It has been warmly welcomed by most. It will give the area a higher profile around the world, make it more attractive to visitors and give it more weight when it comes to national decisions and funding. And by association, Cumbria will also benefit.

But not everyone is so sure about the benefits of the Lake District National Park finally winning World Heritage status from UNESCO – the Paris-based United Nations Educational, Scientific and Cultural Organisation.

There have been fears that the award could mean extra pressure on an already creaking infrastructure.

Narrow roads will become more clogged, more strain will be placed on mountain rescuers, sites for new homes will have to be found.

Others are concerned that it will toughen already tight planning rules and could stifle the development and sustainability of local communities.

Tim Foster is head of the Field Studies Council Blencathra Centre, an environmental education charity.

Every year the centre hosts more than 8,000 education visitors from over 300 schools and universities across the country.

They come to learn the ecology and history of the land.

Tim Foster He welcomed the granting of World Heritage status: “Overall it is a good thing.

“If you want to look at the landscape there is nothing out there that is a natural landscape.

“It is already managed and that is what the world heritage award has captured.

“It is the people who have worked in the National Park that are responsible for the award.

“It is the preserved landscape that the 18m visitors a year cherish and it is maintained by farming.

“It will bring in a different type of tourist – top-end wealthy ones. It may bring more people to the west coast.”

Three key themes underpinned the bid for World Heritage Site status, recognising the Lake District as a cultural landscape of international significance.

These include world ranking examples of identity – the dramatic farmed landscape; inspiration – art, literature and love of the place.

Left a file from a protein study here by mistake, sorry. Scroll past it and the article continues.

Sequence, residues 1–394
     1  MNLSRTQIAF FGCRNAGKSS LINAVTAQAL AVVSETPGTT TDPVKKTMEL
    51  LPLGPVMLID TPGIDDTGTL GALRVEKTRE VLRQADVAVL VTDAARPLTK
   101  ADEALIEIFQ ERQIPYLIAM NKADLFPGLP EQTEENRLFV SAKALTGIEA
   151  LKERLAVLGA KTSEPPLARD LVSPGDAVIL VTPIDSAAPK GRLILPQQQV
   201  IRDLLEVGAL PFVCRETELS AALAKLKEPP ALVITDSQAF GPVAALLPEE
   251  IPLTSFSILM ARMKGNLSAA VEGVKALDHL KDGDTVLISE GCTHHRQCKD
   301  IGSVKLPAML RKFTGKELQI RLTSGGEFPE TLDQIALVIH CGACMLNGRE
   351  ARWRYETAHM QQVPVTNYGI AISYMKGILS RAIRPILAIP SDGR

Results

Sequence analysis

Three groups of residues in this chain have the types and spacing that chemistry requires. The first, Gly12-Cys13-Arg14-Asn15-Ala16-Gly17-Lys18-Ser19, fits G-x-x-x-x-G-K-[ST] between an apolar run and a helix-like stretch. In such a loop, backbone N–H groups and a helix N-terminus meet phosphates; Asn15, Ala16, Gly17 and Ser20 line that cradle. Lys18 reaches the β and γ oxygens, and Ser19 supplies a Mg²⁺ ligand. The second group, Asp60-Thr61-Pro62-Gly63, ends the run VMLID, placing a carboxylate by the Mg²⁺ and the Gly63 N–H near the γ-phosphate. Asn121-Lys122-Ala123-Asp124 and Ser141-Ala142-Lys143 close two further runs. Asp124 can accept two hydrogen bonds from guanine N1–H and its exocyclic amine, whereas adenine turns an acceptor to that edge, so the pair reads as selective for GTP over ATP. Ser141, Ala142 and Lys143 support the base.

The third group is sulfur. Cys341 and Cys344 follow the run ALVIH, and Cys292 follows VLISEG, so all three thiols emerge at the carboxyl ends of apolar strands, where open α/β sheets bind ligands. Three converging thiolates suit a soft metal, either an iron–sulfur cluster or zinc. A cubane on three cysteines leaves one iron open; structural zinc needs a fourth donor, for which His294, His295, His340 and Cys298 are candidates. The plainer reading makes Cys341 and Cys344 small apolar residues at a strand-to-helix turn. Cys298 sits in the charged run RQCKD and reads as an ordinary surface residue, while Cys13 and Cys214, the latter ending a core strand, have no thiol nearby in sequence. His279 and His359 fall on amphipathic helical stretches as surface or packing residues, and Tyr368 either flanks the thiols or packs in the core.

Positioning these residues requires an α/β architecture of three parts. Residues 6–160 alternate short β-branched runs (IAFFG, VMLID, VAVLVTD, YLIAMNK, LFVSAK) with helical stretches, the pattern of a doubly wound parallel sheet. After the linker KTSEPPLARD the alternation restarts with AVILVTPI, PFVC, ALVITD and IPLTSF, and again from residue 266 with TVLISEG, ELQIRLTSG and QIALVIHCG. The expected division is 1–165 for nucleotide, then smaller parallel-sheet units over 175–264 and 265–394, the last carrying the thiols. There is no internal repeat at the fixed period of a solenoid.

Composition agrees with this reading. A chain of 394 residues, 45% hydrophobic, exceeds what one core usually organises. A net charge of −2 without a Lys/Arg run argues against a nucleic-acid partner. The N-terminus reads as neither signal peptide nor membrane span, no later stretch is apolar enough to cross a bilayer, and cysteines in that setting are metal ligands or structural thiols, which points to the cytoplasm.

This, in turn, sparked the birth of conservation.

Jan Wilkinson wants to see conservation and development to sustain the area.

It was 20 years ago that the late Mark Weir reopened the working slate mine and adventure attraction at the head of Honister Pass.

As his partner, Jan helped him build up the business and raise a family.

Jan Wilkinson Before his tragic death, Mark wanted to site a mile-long zip wire down the side of Fleetwith Pike.

The scheme was hugely divisive and the Lake District National Park Authority has twice turned down the project.

Jan is re-applying for planning permission this summer and she hopes the new honour won’t affect her plans.

She points out that the mine’s popular Via Ferrata route raised objections but has become a success without scarring the landscape or causing visitor issues.

And she says the National Park has to strike a balance between providing conservation and sustainability for the area.

She said: “I can’t see any more development. They are wanting to preserve it.

“To me, life is about balance.

“UNESCO has to be thanked, but we need people to dwell here longer, not more visitors.

“The area is as it is today because of the influence of man.

“At Honister, we have to look after the mine and we are in a privileged position as caretakers.

“But we have to have that balance to survive, we have to have children, they have to go to school. We have to have communities that are vibrant and look after each other.”

Bill Jefferson Bill Jefferson is a former Lake District National Park Authority chairman and remains on the National Park partnership.